Interview: Umar Danbatta
How will open-access, fibre-optic infrastructure lead to increased connectivity?
UMAR DANBATTA: The current open-access model is designed to fill in gaps in broadband infrastructure. The commission has licensed infrastructure companies with a mandate to provide every local government area (LGA) with at least one 10-Gbps access point within a four-year period. All 774 LGAs will have fibre-optic connectivity by 2022, which will help boost broadband penetration. It is hoped that fibre-optic capacity will expand inland to connect the unconnected, which would help enhance national competitiveness, stimulate economic development and create employment opportunities. This should also increase productivity, boost the growth of small and medium-sized enterprises, help e-governance and lead to financial inclusion.
Fair pricing and competition are also of critical importance. The NCC is tackling issues such as vertical price-fixing, predatory pricing, abuse of market power and other anti-competitive practices that affect access costs. Furthermore, regulatory instruments have been devised in consultation with relevant stakeholders to ensure that prices reflect costs.
What is being done to ensure that 5G and the internet of things (IoT) are utilised to their full potential?
DANBATTA: The commission actively participates in the standardisation of the spectrum to be utilised for 5G across the world under the auspices of the International Telecommunications Union. These standardisation studies ensure that economies of scale can be accrued, and facilitate the production of devices which utilise these spectra and are affordable to the general populace. In addition, the technology neutrality principle of the NCC ensures that the most effective and efficient technologies are utilised by the licensees in the deployment of services. Also, frameworks such as national roaming and active infrastructure sharing are geared towards optimising capital expenditure and improving operational expenditure efficiencies required for the deployment of 5G technologies, which will facilitate the increased use of IoT devices.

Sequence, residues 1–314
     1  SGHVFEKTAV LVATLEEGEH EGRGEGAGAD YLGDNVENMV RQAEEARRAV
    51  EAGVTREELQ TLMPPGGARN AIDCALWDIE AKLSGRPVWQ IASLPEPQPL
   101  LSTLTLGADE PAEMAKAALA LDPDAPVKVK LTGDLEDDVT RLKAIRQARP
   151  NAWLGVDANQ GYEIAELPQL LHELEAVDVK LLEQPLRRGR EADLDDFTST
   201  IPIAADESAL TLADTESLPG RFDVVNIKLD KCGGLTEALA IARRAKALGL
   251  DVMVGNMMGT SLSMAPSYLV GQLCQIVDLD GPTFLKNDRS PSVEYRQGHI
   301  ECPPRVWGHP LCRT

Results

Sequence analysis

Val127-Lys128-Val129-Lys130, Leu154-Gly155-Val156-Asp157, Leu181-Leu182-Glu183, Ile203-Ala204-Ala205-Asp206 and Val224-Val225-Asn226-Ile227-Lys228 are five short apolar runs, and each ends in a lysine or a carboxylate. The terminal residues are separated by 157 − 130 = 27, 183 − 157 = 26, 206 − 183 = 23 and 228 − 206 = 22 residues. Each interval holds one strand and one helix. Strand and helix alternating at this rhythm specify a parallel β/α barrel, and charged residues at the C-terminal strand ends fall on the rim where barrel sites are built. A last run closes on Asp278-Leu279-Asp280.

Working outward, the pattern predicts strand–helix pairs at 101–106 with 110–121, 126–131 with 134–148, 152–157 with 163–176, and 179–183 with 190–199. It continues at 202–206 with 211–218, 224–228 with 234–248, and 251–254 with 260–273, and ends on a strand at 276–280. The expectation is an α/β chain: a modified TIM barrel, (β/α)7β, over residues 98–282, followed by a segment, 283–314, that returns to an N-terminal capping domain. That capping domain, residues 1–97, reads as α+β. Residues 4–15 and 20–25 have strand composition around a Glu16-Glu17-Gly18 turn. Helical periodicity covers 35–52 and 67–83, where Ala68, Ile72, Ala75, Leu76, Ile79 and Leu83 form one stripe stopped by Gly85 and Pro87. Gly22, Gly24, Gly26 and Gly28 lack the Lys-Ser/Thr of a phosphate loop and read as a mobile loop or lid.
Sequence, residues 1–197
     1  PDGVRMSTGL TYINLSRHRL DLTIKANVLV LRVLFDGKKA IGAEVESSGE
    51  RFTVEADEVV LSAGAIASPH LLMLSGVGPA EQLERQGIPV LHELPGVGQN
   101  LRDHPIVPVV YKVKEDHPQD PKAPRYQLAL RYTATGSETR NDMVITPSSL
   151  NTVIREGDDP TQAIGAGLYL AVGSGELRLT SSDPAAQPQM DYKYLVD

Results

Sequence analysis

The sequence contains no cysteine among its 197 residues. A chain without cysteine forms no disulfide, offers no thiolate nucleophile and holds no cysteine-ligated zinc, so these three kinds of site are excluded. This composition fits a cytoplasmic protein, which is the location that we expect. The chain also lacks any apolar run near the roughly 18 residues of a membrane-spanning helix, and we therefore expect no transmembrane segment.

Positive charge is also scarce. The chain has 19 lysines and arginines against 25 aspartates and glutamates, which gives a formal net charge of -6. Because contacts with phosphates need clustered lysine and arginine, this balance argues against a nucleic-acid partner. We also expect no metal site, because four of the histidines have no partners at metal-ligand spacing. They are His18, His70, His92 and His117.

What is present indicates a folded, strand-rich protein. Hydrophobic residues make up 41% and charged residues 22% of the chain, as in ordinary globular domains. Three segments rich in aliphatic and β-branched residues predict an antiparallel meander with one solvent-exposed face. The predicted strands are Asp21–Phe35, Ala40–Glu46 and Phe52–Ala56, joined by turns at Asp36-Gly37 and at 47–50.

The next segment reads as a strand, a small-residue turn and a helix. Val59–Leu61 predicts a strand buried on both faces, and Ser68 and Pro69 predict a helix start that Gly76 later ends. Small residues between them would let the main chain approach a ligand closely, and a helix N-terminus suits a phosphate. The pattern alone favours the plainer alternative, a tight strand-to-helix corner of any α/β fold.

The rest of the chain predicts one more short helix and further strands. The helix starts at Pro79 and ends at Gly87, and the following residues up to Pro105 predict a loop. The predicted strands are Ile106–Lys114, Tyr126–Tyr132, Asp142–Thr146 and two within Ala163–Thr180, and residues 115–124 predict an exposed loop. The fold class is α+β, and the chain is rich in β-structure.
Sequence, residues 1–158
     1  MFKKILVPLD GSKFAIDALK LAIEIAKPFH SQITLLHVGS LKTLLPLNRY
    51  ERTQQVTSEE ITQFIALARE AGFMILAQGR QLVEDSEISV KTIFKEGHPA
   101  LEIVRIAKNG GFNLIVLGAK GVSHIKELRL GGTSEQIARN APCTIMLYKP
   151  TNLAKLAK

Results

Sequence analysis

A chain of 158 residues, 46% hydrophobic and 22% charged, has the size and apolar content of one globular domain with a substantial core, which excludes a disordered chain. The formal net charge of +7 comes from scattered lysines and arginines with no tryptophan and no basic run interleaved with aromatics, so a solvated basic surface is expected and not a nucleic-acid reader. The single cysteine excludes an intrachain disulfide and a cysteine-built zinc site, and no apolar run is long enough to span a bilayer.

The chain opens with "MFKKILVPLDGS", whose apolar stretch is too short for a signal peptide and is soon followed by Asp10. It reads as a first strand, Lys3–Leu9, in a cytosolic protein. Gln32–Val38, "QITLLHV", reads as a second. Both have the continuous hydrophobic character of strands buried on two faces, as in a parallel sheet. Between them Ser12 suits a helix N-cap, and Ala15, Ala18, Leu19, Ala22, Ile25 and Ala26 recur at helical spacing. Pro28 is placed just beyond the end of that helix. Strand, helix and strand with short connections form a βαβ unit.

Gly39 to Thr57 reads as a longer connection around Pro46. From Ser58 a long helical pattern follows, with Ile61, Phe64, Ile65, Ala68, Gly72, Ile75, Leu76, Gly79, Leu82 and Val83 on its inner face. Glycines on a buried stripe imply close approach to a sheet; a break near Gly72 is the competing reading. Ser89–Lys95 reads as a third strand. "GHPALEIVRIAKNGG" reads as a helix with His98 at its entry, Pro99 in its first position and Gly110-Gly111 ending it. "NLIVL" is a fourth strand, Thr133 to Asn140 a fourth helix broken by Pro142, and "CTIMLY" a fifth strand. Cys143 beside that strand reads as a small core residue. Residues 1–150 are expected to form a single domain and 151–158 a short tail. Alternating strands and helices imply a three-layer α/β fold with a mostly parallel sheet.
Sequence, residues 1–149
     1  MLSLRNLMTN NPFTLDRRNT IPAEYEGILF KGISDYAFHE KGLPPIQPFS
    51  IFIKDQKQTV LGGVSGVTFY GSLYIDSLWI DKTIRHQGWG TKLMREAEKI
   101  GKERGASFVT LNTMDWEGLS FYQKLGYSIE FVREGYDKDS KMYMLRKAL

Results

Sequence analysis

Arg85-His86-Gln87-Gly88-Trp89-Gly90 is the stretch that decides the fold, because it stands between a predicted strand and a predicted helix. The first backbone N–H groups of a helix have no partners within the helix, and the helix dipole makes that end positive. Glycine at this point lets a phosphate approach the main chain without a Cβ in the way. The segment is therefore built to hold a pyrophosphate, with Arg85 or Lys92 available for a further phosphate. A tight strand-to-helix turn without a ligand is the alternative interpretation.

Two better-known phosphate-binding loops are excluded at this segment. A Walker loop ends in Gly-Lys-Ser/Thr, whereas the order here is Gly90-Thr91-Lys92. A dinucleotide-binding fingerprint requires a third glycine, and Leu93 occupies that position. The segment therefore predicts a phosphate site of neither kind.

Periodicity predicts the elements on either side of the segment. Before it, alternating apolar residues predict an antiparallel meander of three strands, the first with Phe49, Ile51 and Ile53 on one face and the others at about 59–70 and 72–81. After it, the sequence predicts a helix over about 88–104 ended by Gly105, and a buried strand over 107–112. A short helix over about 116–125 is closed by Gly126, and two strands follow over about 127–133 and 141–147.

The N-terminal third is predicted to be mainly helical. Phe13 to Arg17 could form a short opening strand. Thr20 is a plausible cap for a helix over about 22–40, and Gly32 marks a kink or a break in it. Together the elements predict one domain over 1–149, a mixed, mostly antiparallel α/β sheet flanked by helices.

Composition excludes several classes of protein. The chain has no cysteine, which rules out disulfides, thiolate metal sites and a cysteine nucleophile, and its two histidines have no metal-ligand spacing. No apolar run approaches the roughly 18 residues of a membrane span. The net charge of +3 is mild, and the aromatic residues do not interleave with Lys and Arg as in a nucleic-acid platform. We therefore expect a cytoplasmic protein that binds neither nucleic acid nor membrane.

In what ways can competitiveness in the telecoms industry be encouraged and promoted?
DANBATTA: In 2015 we unveiled the Eight-Point Agenda, which promotes fair competition and inclusive growth. The NCC has licensed infrastructure companies to deploy fibre-optic infrastructure on an open-access, non-discriminatory and price-regulated basis. This will address the challenge of congestion in transmission networks. Over the years, various regulatory interventions have also been implemented to increase competition, such as transparent licensing and spectrum auction processes, mobile number portability and interconnection rate determination.
How can mobile operators boost financial inclusion?
DANBATTA: The National Financial Inclusion Strategy was adopted in 2012 to alleviate poverty and provide the poor with financial services. The federal government is aiming for 80% adult inclusion by 2020. Figures from 2016 show that 58% of adults, or 56m people, had access to financial services, while the remainder was unbanked. In the spirit of inter-agency collaboration, the NCC and the Central Bank of Nigeria signed a memorandum of understanding on April 11, 2018 to enhance payment systems and drive financial inclusion in the country, as well as improve mobile money service penetration with the help of mobile network operators. These have the advantage of a huge and trusting subscriber base, and ownership of vast distribution channels. We need to license more non-banks and mobile money operators that can help deliver financial services to the unbanked population. We also believe that the use of homegrown mobile payment solutions that incorporate the use of local languages for payment transactions will help to increase financial inclusion.
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